• Empowering Students to Ask Questions
    “… teachers need to view students not as objects to be questioned but as agents who can think together about the content under study.” (Walsh & Sattes, pg 17, 2017, second edition) Questioning has moved 
  • Overcoming Challenges in the Classroom During COVID Times
    In this video, Warren identifies six key actions to help teachers continue to facilitate powerful learning during the pandemic and beyond. Learn more about the importance of:  Building routines Designing learning that matters Communicating success 
  • Teacher Tips to Increase Student Engagement when Learning Online
    Learning online requires self direction, motivation and engagement on the part of your students. Learning is enhanced when the physical space is organized, and when routines are established to foster learning. Even when the environment 
  • How To Set Up Daily Writing In Your Classroom
    Penny Kittle, a veteran English Language Arts teacher, argues that our students are readers and writers, and we need to teach them as such. We need to help students see themselves as writers. She says 
  • The Importance of  Collaborative Discussion in the Classroom
    As a high school language arts teacher, my goal is to design learning experiences that enable students to develop a deep understanding of themselves and the world around them. In striving to do so, I 
  • Capturing & Retaining Ideas Through Visual Note-taking
    a.k.a Sketchnoting, Graphic Visualization or Edu-Sketching “Bits and pieces of knowledge quickly go away.  Edu-Sketching helps meld those pieces together for a more coherent-thus, memorable-whole.”  Wendy Pillars As teachers, you may be looking for ways to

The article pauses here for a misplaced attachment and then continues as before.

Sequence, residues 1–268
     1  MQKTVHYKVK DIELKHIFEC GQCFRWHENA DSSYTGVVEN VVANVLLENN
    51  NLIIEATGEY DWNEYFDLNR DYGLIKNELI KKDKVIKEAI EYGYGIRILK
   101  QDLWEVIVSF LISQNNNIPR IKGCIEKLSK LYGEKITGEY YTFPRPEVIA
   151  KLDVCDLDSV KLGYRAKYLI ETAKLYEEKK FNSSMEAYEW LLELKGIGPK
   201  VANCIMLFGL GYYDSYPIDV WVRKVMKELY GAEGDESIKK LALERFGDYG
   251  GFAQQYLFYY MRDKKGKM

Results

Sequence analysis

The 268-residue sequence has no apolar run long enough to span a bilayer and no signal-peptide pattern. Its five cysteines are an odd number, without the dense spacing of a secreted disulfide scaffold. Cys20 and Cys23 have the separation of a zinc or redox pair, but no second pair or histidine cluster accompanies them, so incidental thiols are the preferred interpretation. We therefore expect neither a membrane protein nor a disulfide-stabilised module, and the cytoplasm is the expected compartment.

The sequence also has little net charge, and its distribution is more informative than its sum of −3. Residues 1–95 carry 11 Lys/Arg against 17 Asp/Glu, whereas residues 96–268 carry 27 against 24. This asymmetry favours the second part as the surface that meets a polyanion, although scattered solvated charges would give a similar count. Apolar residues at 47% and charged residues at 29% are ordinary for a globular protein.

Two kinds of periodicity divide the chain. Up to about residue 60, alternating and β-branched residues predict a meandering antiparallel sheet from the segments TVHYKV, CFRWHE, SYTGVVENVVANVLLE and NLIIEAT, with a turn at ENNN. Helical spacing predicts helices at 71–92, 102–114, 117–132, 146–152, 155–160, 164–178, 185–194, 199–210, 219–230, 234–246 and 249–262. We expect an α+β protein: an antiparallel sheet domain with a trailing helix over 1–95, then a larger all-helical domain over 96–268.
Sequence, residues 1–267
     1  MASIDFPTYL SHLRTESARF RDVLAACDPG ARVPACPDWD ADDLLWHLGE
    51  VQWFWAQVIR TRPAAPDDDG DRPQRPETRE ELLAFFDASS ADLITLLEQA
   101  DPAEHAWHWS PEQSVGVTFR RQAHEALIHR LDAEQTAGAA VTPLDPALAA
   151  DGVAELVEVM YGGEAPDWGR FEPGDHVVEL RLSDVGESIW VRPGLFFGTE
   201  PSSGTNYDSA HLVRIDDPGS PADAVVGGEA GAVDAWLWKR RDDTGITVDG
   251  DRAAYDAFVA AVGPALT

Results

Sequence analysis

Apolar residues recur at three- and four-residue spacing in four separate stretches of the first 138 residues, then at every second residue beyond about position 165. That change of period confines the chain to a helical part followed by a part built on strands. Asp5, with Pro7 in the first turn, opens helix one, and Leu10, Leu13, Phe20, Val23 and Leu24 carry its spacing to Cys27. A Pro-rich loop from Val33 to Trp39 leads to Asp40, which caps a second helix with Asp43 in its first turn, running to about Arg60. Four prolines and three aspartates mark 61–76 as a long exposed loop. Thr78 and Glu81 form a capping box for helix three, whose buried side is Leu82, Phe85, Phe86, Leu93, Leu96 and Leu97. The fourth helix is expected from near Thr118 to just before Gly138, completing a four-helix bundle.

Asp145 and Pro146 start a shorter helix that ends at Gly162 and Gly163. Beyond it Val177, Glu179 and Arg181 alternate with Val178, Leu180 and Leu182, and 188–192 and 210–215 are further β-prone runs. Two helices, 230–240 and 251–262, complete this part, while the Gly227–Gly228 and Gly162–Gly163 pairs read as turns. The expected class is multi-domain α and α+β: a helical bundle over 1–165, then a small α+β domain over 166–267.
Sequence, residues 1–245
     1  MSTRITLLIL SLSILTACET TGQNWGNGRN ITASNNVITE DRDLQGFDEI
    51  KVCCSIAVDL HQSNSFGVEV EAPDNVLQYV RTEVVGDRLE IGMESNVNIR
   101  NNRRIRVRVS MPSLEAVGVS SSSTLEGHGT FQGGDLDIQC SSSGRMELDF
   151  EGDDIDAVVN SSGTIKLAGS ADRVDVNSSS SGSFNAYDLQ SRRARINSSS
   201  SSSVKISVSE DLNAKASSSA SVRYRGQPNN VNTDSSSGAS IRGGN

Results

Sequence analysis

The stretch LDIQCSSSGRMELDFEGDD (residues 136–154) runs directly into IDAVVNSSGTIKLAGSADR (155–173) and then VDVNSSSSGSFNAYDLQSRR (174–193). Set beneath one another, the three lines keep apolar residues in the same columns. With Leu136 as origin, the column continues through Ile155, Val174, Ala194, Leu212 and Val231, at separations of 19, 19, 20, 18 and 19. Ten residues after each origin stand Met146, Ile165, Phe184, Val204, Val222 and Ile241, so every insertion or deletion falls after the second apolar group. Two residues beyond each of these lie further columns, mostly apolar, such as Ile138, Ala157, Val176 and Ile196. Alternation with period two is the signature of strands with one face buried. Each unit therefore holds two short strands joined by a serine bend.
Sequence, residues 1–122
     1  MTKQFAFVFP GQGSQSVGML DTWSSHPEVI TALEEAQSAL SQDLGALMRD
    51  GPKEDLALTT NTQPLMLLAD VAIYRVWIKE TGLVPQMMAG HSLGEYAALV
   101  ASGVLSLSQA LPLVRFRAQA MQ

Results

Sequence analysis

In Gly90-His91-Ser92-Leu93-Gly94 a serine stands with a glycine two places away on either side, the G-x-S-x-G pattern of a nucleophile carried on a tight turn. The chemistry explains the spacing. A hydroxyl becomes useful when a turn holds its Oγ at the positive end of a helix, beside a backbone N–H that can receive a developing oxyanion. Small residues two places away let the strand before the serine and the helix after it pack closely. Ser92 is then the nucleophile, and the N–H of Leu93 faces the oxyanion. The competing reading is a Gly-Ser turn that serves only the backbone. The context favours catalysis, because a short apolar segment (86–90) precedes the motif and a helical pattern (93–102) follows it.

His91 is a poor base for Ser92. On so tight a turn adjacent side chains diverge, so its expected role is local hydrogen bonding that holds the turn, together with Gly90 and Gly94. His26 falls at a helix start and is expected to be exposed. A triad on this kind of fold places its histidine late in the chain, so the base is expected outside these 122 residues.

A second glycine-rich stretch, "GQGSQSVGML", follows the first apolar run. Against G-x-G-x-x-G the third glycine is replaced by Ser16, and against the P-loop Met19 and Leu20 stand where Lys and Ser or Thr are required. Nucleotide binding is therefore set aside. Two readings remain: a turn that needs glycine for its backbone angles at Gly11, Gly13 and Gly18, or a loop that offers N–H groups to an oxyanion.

• Choose Choice Boards
    Research shows that student choice within education increases engagement and ownership. It is also a factor in increasing student motivation. One effective way for students to have a choice in how they demonstrate their understanding 
  • Using LEGO to Break Through the Anxiety Barrier in Jr. High Math
    Walking into my classroom you wouldn’t immediately know that it was a place where math teaching and learning takes place. You’d see moustache decorations, maps and travel photos, random art and all kinds of things that 
  • The Fantastic Frayer Model: Understanding Concepts and Academic Vocabulary
    What It Is The Frayer Model is a graphic organizer with four or five specific sections. It is designed to help students understand academic vocabulary or concepts. The sections have students define the term, describe 
  • The Emotional Bank Account: Strategies to Support Belonging in Schools
    As educators, we know the big impact positive relationships between teachers and students have on learning, development and overall achievement.  Research supports the benefits of positive relationships between teachers and students as stated by John